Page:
This is the hardest thing I’ve ever written, because I feel like a failure.

I sent the first draft of this to my partner to read. “You’re not a failure, and I’m not going to leave you, and I love you.” He’s right, of course. We’re a team. We’ll deal with this like we deal with everything. Together. Next tests are in September, so we’ll know more then.

“You’re a big girl, aren’t you?”

CN: body image, weight loss, potentially triggering comments, mention of actual weights

I wrote a while ago about body image. I had just gotten to a point – finally, after so many years – of being happy with the way I looked. I wrote that I would ignore the weight on the scales, and I would focus on loving my body for what it is; flawed and human and beautiful. Nearly a year later, that ideal is under threat.

Moving to London, I joined a new rowing club. It’s easily the best decision I’ve made since coming here. My new girls are funny and smart and kind, and getting to know them, becoming their cox, has been a pleasure. It’s given me somewhere to go when the days at work seem too long, somewhere to focus and forget how much I miss Cambridge, how much I miss my friends, how much I long to see my boyfriend. A bad day at work can be worked out in the gym with them, lifting half of what they do. It can be alleviated squatting behind them on the ergs, watching their splits drop and willing them on with everything that I have. The best times are when we’re on the water, and it’s still and calm and I can feel myself slipping back into that place I loved at Cambridge, where the world is a puzzle and your voice, your words, provide the solution. When there is nothing else in the world but the rhythm of the rowers, and everything else melts away. It’s why I love racing so much; in that moment, we are one.

We have a new coach. He’s eccentric, and constantly grumpy, and also, I suspect, slightly brilliant. I enjoy coxing under him; it’s stressful, but he reminds me of my DoS at Cambridge, a woman I admired above all others. Compliments are rare; criticism is swift; and you can feel yourself becoming better the more time you spend with them. It’s not a picnic. More than once, I’ve sat in the boat on the edge of tears, as my coach tears into me and I feel, more than anything, that I’ve let my girls down. But then he says “good job today, Sarah”, and suddenly it’s all worth it. He’s clever like that.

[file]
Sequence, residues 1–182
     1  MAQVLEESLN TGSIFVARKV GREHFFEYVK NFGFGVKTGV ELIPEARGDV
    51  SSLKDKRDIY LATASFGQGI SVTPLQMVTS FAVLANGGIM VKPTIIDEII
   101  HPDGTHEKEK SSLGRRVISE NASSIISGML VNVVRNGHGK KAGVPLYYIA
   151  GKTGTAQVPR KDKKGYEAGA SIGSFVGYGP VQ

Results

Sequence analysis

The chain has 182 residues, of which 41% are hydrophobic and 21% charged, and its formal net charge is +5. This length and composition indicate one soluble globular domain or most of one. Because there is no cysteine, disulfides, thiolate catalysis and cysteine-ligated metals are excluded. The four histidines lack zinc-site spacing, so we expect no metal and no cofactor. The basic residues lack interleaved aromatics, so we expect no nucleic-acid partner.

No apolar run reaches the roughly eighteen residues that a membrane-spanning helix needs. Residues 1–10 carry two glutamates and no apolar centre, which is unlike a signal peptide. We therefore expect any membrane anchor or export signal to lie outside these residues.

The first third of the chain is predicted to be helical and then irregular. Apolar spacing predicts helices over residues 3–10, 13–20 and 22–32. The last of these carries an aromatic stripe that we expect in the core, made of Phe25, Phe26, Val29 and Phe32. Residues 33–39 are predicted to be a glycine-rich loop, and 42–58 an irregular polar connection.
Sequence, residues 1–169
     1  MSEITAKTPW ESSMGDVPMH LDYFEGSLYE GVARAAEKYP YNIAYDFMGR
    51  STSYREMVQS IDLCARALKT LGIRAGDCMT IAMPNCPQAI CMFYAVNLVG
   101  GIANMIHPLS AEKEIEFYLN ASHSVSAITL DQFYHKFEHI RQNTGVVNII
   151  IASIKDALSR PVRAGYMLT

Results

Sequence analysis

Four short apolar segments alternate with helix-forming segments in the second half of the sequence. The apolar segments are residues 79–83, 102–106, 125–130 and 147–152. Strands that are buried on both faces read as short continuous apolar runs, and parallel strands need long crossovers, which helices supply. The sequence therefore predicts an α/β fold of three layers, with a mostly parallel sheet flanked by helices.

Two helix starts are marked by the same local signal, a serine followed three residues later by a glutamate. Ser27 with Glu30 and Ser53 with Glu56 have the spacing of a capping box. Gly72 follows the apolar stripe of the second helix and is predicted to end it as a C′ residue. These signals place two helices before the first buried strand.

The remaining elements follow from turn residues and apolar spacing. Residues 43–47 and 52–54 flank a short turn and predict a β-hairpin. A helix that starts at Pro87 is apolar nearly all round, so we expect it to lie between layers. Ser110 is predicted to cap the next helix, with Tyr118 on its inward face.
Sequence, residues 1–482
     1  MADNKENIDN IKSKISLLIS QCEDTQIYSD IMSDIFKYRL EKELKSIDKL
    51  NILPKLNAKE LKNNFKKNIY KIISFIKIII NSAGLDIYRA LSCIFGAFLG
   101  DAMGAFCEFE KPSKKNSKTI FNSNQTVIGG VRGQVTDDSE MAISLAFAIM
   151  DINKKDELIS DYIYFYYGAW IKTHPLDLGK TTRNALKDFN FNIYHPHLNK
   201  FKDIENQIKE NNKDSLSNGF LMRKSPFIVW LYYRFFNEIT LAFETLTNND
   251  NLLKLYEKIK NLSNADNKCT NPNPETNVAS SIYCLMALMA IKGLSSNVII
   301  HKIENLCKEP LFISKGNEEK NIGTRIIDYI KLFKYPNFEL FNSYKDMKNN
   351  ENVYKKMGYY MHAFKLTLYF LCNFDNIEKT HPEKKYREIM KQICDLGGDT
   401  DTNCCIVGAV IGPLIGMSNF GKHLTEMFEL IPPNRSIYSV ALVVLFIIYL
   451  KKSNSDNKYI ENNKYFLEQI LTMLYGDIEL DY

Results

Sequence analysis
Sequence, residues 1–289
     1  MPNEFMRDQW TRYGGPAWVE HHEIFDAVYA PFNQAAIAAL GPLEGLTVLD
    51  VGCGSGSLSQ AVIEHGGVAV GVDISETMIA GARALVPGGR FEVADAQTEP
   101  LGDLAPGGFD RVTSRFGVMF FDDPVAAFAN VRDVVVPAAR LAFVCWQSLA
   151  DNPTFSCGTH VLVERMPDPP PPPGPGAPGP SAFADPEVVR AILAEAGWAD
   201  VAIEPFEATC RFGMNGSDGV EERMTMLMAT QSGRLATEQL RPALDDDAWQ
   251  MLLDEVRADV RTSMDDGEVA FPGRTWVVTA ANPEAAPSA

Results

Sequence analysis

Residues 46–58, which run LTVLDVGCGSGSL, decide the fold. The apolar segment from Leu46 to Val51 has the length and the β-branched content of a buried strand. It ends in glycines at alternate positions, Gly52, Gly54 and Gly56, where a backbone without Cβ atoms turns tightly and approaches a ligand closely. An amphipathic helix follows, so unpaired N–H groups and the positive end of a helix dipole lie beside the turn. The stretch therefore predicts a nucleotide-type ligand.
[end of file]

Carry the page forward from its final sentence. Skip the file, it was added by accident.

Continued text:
The first time we met, he took one look at me, his eyes pausing on my long legs, my strong thighs, the curve of my hips.

“You’re a big girl, aren’t you?”

It was not the last comment he would make on my weight in the months that followed.

“How much weight can you lose and how fast?”

“You’ll need to cut down”

“Do you even fit into the boat?”

“See her? She’s a real size for a cox”

“You probably weigh as much as me!”

“We’ll need to run that muscle and fat off of you”

“You need to take responsibility for your own weight.”

“We need to get you down to an acceptable weight.”

I’m big for a cox. I’m tall, always have been, and with my long legs comes extra weight. The minimum weight for a women’s cox is 50kg. The minimum weight for a men’s cox is 55kg. I am currently sitting at around 60kg. The whole point of the minimums is to stop coaches forcing their coxes to lose an unhealthy amount of weight, as going below that results in the cox having to carry weights into the boat and so any advantage is lost. 50kg for me is not possible; my coach accepts that, even if he’s not thrilled at the idea. But 55kg is certainly within reach, and that’s what he wants me to get down to.

I’ve never tried to lose weight as an adult woman. My body has changed so much over the years, gaining and losing weight, and it’s now settled into where it’s meant to be. Where it’s happy being. This is the me that runs and lifts weights and does yoga and climbs. This is the me that dances around the kitchen and spoons my boyfriend late at night and wiggles into skinny jeans and buys tiny crop tops from charity shops. If I wanted to, I could tell my coach to bugger off, tell him that I love myself and I won’t change for anyone.

But I know that I have it in me to lose that weight. I’m competitive; I want the best boat I can get, and there are smaller coxes in my way. More than anything, I know it would help my girls. The trouble is, how do you love yourself when you’re constantly weighing yourself? When every mouthful you eat has to be analysed? When you find yourself hating yourself a little bit more every day? When a glance into the mirror isn’t “damn girl, you look hot today” but “fuck, I knew I shouldn’t have had that sandwich for lunch”?

I don’t have the answer. I need to take this slow and steady. I need to lose weight doing the things I love; I need to run, faster, and lift (if not anything too heavy) and climb, and stretch. I need to cook, healthy meals from scratch. I need to dance around that kitchen, and then I need to snuggle on to the sofa and watch a movie with a glass of wine. And if, it the end of everything, I can’t get to 55kg, I need to be the best damn cox I can be. I reckon that’s more important than an extra 2kg any day.